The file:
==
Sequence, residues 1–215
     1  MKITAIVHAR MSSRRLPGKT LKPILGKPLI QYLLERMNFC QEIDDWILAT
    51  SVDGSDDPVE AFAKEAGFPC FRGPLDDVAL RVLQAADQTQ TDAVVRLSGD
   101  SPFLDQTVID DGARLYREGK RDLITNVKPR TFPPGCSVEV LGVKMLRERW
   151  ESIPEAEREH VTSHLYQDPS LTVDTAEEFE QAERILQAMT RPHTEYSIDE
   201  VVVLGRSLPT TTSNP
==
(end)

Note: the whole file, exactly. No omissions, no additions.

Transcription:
Sequence, residues 1–215
     1  MKITAIVHAR MSSRRLPGKT LKPILGKPLI QYLLERMNFC QEIDDWILAT
    51  SVDGSDDPVE AFAKEAGFPC FRGPLDDVAL RVLQAADQTQ TDAVVRLSGD
   101  SPFLDQTVID DGARLYREGK RDLITNVKPR TFPPGCSVEV LGVKMLRERW
   151  ESIPEAEREH VTSHLYQDPS LTVDTAEEFE QAERILQAMT RPHTEYSIDE
   201  VVVLGRSLPT TTSNP